Asking your Mentee to analyze or evaluate something they have done in a CareerPassport Track Activity, or in their school work, or extra curricular activities will help them to use critical thinking skills, and if used often enough, your Mentee will expect you to use this type of question often, and thus they will start to think more critically about what they’re doing with their college education.

Another thing Dr. Sweeny talks about is the power of personal pronouns. If you use “We” or “Our” instead of “You” or “Your”, it completely changes the question and can bring about a different result. Look at the following questions Dr. Sweeny uses to see the difference between using “We” or “Our” verses “You” and “Your.”
·        What result do you want to achieve that would be the “best case scenario”?

    What could you do that could lead to the best case?

    What problems might occur for you that would prevent achieving the best result?

    What can you do that might avoid problems or obstacles?

    Are there any other alternative routes you could take to that same best case result?

    Which of your alternatives is most likely to lead to that result?

    How will you start the process?
“Although it seems so subtle, there is a powerful effect in using the pronoun ‘you’ this way. Here’s what it accomplishes:

• The ‘you’ assumes the protégé can figure out the problem and what would be the best solution (with the mentor’s questions as a guide).

• The ‘you’ keeps the ownership of the problem and the responsibility for that decision making and solution finding with the protégé.

• It allows the mentor to ask the kind of open-ended questions that the mentor knows a more experienced person would ask themselves. Done a number of times with different problems, the protégé will begin to anticipate the questions to be addressed. This shows that the protégé is starting to internalize those questions and learning to think that way as well, which is the goal.”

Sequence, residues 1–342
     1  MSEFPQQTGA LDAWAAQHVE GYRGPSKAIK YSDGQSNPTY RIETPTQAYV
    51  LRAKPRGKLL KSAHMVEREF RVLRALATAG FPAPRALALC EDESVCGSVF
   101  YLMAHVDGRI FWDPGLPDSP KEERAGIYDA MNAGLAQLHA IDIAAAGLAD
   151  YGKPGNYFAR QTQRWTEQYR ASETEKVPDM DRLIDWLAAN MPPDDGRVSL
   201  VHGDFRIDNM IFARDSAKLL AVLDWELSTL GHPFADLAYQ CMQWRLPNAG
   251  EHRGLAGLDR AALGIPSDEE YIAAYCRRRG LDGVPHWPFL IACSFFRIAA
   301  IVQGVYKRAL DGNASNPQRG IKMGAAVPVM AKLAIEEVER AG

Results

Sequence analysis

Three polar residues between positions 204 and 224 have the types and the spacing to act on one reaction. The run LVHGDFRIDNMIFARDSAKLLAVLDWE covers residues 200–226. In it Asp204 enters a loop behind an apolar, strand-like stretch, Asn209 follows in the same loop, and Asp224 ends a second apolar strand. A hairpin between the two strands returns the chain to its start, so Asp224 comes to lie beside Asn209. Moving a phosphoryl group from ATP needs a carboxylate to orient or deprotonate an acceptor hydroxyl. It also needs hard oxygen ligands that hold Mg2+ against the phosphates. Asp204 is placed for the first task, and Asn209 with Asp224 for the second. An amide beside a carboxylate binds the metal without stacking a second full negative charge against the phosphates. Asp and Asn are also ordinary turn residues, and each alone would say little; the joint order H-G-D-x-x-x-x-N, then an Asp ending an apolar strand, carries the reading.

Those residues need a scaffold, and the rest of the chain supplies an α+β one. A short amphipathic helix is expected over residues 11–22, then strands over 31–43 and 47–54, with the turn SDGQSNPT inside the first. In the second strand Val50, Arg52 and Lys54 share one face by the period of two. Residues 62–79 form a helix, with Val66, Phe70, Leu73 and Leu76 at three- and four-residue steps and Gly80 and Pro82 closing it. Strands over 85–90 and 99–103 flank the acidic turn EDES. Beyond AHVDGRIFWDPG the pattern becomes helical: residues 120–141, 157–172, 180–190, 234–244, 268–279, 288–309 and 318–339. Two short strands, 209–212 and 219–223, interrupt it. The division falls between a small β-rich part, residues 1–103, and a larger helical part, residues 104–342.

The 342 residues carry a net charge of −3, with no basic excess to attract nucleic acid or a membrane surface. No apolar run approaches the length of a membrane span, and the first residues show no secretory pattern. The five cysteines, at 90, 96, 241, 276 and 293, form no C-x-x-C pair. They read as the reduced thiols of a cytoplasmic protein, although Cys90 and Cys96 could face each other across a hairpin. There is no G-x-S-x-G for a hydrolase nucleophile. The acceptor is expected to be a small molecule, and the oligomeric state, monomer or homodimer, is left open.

Now if you were to look at these same questions, using the pronouns “We” or “Our” instead of “You” or “Your” it changes the intent and purpose of the question. According to Dr. Sweeny,
“If the mentor is concerned that the protégé lacks sufficient experience to know some of the answers and can NOT analyze and solve the problem alone, what should the mentor do that is most helpful? The answer is that the mentor should change the personal pronouns in the questions from ‘you’, which excludes the mentor from participating in answering the questions, to more inclusive pronouns like ‘we’, ‘our’, and ‘us.’ Switching to inclusive personal pronouns has the effect of including the mentor in the ownership of the problem, and it keeps the mentor in the thinking, and decision making process. The net result of including the mentor in the process is that it allows the mentor to let the protégé do as much as possible, but… It also allows the mentor to reflect and wonder about things out loud and, thereby to model expert thinking and choice making, all of which would be invisible to the protégé unless the mentor is part of the process, ‘unpacking his or her own thinking.’”

Make sure to read the full article on Connect Magazine's website and learn how to use questions effectively in your mentoring relationship. Asking questions in the beginning of the mentoring relationship can be very effective in determining where you and your Mentee want to go in your Relationship.
References: Sweeny, Barry Dr. “Using Questioning in Mentoring Relationships.” Connect Magazine. N.p., 10 2013. Web 25 Sept. 2013

Monday, August 5, 2013

Goal Evaluation

Evaluating your Mentee’s Goals

Now that it’s getting closer towards the end of your mentoring relationship, it may be a good time to evaluate how you and your mentee are doing on your goals. In the beginning of the mentoring relationship, you and your mentee wrote down three goals that you’d like to accomplish during your six months together. During your next mentoring session, try to go over those 3 goals again, and evaluate how you are doing.
Mentee Goals
The Mentoring Group recently published an article, Mentee Goals Revisited by Dr. Linda Phillips-Jones, where she discussed 5 common mistakes that are made when formulating mentee goals. Check to see if your mentee's goals fall under any of these categories.